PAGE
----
Steel safety net aims to deter suicides from Golden Gate Bridge

SAN FRANCISCO (KTVU) -- Officials have authorized the installation of barriers along the Golden Gate Bridge that are designed to prevent or deter those who want to jump from the bridge and commit suicide.

But cost overruns have delayed installation of the steel mesh net, which is scheduled for completion by 2021, and the price tag has more than doubled. Even so, officials say they must take action to deter those who want to end their lives from the iconic bridge.

The Golden Gate Bridge appears to be a suicide magnet and officials have noticed a disturbing trend since the start of the 21st century.

"What we have seen at the bridge since 2000 is a five-fold increase in young people under the age of 25 coming to the bridge to kill themselves," said Dennis Mulligan, general manager and CEO of the Golden Gate Bridge and Transportation District.

Officials say in 2015 as many as 186 people traveled to the Golden Gate Bridge to kill themselves. Since the bridge was first constructed in 1937, it is believed that some 1,600 people have ended their lives by jumping off the bridge.

 

Officials say last year that 33 people could not be restrained or talked out of killing themselves with most jumping to the west toward the Pacific Ocean.

Bridge keepers say they hope the new barrier will reverse the suicide trend. But questions have been raised about the escalating costs associated with the project.

Officials say the costs of the steel mesh barrier net, originally estimated at about $70 million, have risen to $200 million.

"The bids came in high and so we put together a revised funding plan," Mulligan said.

Experts say if the barriers are successful most people will stop jumping from the Golden Gate Bridge and those that are successful will be saved by the net.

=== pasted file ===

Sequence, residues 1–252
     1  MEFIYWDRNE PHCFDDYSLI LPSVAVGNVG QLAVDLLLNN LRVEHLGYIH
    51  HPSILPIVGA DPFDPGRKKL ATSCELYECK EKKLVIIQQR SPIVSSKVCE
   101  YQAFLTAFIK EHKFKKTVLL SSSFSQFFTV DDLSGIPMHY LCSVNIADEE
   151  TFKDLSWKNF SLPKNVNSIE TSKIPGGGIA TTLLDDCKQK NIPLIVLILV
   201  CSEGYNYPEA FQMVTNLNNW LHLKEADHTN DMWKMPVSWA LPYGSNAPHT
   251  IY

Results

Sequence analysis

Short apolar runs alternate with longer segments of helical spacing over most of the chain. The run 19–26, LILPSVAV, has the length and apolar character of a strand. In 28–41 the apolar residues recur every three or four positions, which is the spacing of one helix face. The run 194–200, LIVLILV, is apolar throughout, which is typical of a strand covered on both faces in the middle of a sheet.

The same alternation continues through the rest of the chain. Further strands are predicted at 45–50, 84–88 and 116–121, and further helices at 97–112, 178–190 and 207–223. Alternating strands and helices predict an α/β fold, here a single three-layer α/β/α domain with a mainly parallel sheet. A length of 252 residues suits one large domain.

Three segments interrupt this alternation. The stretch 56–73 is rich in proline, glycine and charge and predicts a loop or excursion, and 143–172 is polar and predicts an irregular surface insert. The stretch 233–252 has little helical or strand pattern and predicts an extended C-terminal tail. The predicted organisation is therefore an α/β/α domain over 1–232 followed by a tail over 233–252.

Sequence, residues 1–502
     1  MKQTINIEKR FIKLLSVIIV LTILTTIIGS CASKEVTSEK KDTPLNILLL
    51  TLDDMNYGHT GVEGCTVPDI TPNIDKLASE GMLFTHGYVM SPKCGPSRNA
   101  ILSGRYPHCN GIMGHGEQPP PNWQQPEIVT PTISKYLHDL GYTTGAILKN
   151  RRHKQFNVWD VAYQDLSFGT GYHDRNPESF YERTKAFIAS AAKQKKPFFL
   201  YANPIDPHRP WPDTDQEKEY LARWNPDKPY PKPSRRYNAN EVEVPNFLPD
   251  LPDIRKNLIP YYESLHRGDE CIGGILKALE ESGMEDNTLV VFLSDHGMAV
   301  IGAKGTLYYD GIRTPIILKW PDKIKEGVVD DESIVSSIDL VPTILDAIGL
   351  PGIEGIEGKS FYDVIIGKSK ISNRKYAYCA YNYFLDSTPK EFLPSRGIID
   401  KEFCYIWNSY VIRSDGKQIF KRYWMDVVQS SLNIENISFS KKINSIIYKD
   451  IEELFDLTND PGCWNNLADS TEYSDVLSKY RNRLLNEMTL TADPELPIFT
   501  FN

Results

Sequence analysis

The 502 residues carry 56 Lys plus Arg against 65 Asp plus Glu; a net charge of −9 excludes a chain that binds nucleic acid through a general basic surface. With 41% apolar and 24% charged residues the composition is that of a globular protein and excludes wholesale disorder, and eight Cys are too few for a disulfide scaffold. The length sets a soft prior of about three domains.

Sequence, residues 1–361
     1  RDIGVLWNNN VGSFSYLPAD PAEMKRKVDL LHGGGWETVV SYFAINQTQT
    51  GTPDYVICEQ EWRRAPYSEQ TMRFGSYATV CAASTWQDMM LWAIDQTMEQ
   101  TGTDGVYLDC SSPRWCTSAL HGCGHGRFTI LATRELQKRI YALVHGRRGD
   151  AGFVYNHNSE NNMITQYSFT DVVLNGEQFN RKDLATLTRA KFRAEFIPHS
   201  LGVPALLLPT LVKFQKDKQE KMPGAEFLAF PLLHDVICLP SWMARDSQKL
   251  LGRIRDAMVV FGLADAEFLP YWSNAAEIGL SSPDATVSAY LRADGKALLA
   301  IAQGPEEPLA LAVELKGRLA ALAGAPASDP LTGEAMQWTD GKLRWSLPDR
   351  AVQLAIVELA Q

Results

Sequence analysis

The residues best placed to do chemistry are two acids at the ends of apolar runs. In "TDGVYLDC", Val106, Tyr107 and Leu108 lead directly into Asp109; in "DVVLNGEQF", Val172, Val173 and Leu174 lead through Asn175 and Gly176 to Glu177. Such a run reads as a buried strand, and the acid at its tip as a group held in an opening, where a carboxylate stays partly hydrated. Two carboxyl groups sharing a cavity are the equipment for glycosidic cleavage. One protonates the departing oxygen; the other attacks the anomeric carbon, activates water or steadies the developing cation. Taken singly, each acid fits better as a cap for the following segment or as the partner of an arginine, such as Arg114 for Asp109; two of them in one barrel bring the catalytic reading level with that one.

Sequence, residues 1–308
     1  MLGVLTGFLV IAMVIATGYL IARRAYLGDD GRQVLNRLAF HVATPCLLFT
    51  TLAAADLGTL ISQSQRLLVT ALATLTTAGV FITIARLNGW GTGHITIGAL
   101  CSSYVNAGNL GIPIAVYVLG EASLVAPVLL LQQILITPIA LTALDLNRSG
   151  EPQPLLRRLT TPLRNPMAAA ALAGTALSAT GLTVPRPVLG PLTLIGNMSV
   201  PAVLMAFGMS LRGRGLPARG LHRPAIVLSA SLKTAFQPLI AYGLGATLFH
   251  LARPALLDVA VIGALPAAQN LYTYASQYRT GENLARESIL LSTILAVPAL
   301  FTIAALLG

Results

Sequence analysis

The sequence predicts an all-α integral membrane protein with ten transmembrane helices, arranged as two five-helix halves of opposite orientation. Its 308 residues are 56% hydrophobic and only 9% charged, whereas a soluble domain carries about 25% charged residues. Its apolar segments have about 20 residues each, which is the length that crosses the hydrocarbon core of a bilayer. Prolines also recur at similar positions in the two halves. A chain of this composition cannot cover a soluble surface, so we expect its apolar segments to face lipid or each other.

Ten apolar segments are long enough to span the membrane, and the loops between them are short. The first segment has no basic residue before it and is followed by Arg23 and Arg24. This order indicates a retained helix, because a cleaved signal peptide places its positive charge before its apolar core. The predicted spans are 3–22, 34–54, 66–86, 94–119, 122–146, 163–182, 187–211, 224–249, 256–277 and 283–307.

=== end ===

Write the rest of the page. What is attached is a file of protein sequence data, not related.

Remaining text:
Officials project that in the 25 years following installation, the mesh barrier will save the lives of 750 people, which amounts to a cost of about $25,000 per jumper.

"The investment is still worth every penny of it based on the lives that are saved," Mulligan said.

In previous years, resistance to the barrier centered on a belief that suicidal people would just find another location to kill themselves. There were also concerns about costs and worries about changing the bridge's iconic look.

"Back when (the bridge) was first built, they were telling people, 'Put something here.'" said Manuel Gamboa, whose 18-year-old son Kyle died during a jump from the bridge in 2013.

Now that a contract is in place to build the net, Gamboa said he no longer has to worry about cost overruns that could end up scuttling the project.

"I feel like this is a big step forward in building this barrier at the Golden Gate Bridge to prevent people from going there," he said.

Public thinking has changed and experts say a barrier is the best use of money to save lives. But, will it work?

Though this will be the first bridge suicide barrier in the U.S., a dozen bridges worldwide have been up for at least two decades.

"During that time period, there's only been one death," Mulligan said.

Many studies show that most bridge suicides are impulsive. And some survivors say they regretted their decision as soon as they jumped while the majority never tries it again.

Local officials say the net will serve as an effective deterrent for the impulse jumper drawn to the aura of the Golden Gate Bridge.

"They don't seek another bridge or another location," said Amy Worth of the Metropolitan Transportation Commission. "The Golden Gate is the magnet."

By KTVU reporter Tom Vacar.

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